On October 28, 2016 in an unpublished opinion, the Fifth Circuit Court of Appeals affirmed the decision of the US District Court for the Southern District of Texas that granted summary judgment to Omnicare, Inc. in a qui tam action. We discussed the decision of the district court here.
The relator alleged, among other claims, that Omnicare violated the False Claims Act (FCA) by writing off debt owed by skilled nursing facilities (SNFs) and offering prompt-payment discounts in exchange for referrals to Omnicare’s pharmacy business, in violation of the Anti-Kickback Statute, 42 U.S.C. § 1320a-7b(b)(2) (AKS).
The Fifth Circuit agreed with the district court that the evidence offered by the relator regarding the debt write-off practices did not support a finding that Omnicare offered benefits to SNFs that were designed to induce Medicare and Medicaid referrals. The court found that, at best, the evidence, which consisted primarily of company emails, supported a finding that “Omnicare did not want unresolved settlement negotiations to negatively impact its contract negotiations with SNF clients” and was “avoiding confrontational collection practices that might discourage SNFs from continuing to do business with Omnicare.” In addtion, the court found no evidence that the SNFs were told that they were receiving special benefits, noting that if the “purported benefits were designed to encourage SNFs to refer Medicare and Medicaid patients to Omnicare, one might expect to find evidence showing that the SNFs at least knew about the benefits.”Moreover, the court found that the relator offered no evidence that prompt-payment discounts were offered to the SNFs for the “illegitimate purpose of inducing referrals rather than the legitimate purpose of inducing payments.”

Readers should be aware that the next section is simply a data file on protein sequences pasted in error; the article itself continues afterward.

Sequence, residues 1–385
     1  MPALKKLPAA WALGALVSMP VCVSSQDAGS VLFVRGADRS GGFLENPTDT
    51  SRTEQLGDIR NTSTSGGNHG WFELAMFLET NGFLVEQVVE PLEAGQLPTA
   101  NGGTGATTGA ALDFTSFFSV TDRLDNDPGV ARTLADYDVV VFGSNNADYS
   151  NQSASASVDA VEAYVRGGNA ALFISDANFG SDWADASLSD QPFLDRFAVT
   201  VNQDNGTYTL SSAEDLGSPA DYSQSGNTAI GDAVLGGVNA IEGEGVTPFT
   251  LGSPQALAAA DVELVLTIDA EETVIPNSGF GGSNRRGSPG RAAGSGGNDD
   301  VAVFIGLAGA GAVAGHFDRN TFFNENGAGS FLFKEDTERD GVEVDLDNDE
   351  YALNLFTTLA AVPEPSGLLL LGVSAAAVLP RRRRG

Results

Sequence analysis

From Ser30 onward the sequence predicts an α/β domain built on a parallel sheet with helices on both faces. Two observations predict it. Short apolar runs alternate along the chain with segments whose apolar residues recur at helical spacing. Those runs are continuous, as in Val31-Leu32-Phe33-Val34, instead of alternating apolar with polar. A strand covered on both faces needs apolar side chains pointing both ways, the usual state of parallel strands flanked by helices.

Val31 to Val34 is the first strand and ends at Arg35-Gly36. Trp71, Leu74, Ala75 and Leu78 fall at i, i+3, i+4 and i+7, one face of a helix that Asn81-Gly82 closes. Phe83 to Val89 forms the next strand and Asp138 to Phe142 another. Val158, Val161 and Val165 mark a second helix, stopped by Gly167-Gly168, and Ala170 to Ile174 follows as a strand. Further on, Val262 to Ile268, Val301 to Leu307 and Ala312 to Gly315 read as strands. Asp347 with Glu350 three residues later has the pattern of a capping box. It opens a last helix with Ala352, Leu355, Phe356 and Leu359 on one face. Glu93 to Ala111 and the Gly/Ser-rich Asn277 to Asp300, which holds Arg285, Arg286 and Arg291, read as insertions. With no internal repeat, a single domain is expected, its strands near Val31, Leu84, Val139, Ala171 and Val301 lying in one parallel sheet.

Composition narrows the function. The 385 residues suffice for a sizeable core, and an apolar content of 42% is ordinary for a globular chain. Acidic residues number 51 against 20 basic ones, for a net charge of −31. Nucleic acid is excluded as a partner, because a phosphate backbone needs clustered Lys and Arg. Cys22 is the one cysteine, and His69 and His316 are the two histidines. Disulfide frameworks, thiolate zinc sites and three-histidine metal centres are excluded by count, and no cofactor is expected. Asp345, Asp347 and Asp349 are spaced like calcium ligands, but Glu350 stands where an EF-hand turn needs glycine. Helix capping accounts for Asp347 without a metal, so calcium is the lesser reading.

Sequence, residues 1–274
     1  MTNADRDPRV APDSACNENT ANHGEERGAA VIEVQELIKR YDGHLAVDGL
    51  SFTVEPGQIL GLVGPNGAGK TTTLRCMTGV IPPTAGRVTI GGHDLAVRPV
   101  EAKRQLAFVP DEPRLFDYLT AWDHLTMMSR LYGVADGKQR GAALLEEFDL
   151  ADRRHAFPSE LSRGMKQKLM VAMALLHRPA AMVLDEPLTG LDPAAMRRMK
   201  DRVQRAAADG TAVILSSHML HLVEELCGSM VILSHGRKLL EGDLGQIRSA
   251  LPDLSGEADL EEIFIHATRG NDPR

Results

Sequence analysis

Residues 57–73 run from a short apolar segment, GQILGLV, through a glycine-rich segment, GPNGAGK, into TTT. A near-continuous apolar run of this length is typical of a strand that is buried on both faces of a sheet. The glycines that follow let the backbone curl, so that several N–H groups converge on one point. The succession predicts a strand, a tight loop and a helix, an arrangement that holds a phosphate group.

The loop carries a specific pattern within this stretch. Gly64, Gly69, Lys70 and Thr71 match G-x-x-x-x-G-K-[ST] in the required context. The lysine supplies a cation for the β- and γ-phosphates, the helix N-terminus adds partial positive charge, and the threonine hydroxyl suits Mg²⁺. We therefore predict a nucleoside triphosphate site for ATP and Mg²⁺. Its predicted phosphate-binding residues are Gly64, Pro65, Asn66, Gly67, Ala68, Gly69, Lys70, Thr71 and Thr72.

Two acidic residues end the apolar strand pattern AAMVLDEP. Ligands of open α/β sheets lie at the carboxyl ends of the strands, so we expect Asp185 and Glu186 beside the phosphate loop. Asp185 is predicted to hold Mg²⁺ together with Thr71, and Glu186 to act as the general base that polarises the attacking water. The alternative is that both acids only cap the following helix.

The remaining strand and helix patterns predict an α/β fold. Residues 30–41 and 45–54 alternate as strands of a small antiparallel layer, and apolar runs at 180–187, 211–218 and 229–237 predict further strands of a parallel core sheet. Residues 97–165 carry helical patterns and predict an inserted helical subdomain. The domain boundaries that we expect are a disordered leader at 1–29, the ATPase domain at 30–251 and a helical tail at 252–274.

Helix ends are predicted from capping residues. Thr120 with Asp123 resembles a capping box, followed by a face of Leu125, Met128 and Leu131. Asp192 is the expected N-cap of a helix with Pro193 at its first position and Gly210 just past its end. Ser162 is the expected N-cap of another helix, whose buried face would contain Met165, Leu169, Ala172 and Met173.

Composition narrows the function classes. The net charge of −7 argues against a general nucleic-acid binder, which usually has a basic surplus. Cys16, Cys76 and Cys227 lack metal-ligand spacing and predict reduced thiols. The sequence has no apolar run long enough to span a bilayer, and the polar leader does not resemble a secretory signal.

The court invoked the principle that there is no AKS violation where “the defendant merely hopes or expects referrals from benefits that were designed for other purposes” and noted that “although Omnicare may have hoped for Medicare and Medicaid referrals, absent any evidence that Omnicare designed its settlement negotiations and debt collection practices to induce such referral, Relator cannot show an AKS violation.”
Although the Fifth Circuit’s decision was not published, it stands as an affirmation of the district court’s admonition that “an accusation of a multimillion-dollar fraud must be supported by more than a few ambiguous e-mails.”